Mr. T's second novel and the next installment of the Shadows of the Apt continues the saga of the Lowlands and the Wasp's empire's military adventures to conquer it, one city at a time. Mr T has build an intriguing world here; at one time, various huge insects dominated humanity, but somehow (magic?) humans adapted, sporting/becoming somewhat insect like themselves and mastering the bugs with their 'art'. Hence, we have wasp-kinden, beetle-kinden, ant-kinden, spider-kinden and so forth. Each kinden has their own art-- ant-kinden have telepathy with one another, wasp-kinden can shoot fireballs from their hands, and on and on.
The wasp empire is relatively new on the scene, cobbled together over just a few generations, transforming the wasps from a bunch of squabbling tribes into an empire. After a brutal 12 year war against the Dragonfly lands, the wasps now eye the lowlands-- the center of the Apt. 500 years ago, the moth-kinden ruled humanity, their strange magic backed up by the cold steel of the Mantis-kinden-- stone cold warriors. The former slave races/kinden threw off their chains, however, and carved their own ways, utilizing technology (e.g, the 'apt'). The former rulers-- moths, mantis, spiders, etc., are known as 'inapt' in that they cannot make sense of or use 'modern' technology, even things like crossbows. The former slave races, however, march forth with ever new and developing tech, very steampunkish even though steam power is not very often utilized.
The last volume left us with a cliffhanger-- the wasps were about to besiege an ant city and another wasp army was threatening the heart of the lowlands. Mr. T takes us on a blood soaked journey here, with war manifesting in all its ugliness. Our main protagonists remain the same: Stenwold Maker, a beetle from Collegium, the center of learning of the lowlands; 'Che' Maker, Stenwold's niece who has fallen for Achaeos a moth; Tisamon, a Mantis-kinden weaponmaster and his daughter Tynisa (half spider); Salma, a Dragonfly nobleman, Totho, a halfbreed artificer and so forth.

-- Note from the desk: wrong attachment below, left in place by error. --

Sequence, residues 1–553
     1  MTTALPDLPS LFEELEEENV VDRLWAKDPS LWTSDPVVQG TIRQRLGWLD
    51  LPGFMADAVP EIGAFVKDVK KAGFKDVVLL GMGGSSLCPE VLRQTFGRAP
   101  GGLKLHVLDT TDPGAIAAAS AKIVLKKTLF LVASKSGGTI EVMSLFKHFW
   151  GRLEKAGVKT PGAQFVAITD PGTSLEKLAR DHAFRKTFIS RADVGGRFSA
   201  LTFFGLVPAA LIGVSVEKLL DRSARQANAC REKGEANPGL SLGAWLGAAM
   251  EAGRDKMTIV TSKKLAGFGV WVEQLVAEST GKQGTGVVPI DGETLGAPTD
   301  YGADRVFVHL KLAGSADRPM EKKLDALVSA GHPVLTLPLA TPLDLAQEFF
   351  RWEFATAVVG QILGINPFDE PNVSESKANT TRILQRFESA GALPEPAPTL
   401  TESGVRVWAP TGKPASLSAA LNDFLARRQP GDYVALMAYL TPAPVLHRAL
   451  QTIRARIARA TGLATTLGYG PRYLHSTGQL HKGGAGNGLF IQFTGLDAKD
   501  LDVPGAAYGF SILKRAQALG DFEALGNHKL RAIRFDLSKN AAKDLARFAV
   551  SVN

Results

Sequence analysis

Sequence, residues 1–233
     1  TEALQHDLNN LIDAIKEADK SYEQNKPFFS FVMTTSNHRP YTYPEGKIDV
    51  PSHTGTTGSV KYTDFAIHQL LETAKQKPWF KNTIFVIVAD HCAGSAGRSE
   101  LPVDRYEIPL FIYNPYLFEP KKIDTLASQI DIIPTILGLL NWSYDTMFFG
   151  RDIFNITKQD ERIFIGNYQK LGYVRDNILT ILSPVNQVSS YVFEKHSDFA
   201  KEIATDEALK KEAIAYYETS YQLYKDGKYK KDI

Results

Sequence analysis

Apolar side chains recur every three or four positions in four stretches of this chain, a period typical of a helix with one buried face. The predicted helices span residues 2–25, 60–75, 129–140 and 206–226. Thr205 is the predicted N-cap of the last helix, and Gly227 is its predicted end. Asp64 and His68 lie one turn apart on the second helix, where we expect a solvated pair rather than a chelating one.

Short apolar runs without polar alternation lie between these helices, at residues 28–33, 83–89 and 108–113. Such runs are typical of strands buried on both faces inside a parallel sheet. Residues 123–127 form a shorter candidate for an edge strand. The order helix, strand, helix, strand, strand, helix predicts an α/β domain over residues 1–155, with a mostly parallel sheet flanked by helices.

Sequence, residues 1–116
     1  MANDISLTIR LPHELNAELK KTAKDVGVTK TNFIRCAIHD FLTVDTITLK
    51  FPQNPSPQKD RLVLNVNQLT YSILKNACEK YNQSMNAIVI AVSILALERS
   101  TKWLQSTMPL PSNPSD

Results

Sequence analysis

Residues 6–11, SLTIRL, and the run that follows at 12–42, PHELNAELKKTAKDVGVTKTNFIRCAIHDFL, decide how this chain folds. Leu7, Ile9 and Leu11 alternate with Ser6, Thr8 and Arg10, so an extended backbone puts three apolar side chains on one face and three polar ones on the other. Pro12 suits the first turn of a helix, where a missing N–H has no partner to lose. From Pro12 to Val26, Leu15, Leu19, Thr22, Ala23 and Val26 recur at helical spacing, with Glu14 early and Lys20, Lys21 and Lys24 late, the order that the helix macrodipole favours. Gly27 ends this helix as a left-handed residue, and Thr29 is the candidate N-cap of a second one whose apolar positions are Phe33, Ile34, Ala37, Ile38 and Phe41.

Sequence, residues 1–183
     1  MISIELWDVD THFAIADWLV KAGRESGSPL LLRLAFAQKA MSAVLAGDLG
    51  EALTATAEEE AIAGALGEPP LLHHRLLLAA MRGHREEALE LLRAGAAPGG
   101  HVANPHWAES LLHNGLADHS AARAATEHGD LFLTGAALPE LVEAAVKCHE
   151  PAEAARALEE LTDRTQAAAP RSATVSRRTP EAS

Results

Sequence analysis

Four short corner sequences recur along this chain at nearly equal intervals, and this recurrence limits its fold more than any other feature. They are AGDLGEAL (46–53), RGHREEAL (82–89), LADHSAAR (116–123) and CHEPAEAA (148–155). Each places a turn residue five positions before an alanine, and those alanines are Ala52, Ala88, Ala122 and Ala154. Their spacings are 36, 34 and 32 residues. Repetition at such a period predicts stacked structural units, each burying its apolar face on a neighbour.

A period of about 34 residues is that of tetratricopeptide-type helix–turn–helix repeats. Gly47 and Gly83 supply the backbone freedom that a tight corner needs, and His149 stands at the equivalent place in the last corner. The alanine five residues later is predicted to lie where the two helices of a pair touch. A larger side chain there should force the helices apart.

In a way, this novel seems to be one bloodbath after another, and for sure it is, but on the other hand, we get to see some pretty rich character development and world building on display as well. More and more kinden are introduced and we begin to catch a glimpse of how huge the world actually is-- the lowlands are a very small part of the whole.
Mr. T is known for his biological 'constructs' and his kinden are a pleasure, each with their own 'art', and the technology is amazing as well-- flying machines of all sorts, 'automobiles' something like military ATVs, repeating crossbows and nailguns, all kinds of tools of war. We learn much about the ants here, perhaps the most warlike of the lowlanders, but also more of the Mantis-kinden as well. Tricky spiders with their cunning and endless 'dance' of guile and deceit politically, and of course, the wasps and their secret police pulling strings where ever they can.
My primary issues with this concern the uneven pacing at times; at times a bit of a slog, and in other places, impossible to put down. Yet, Tchaikovsky seems to be getting better at this the second time around. It almost feels like he has so many cool ideas that the narrative gets in the way a bit! Nonetheless, overall a gripping read. Highly recommended if you like military fantasy. 4 buggy stars!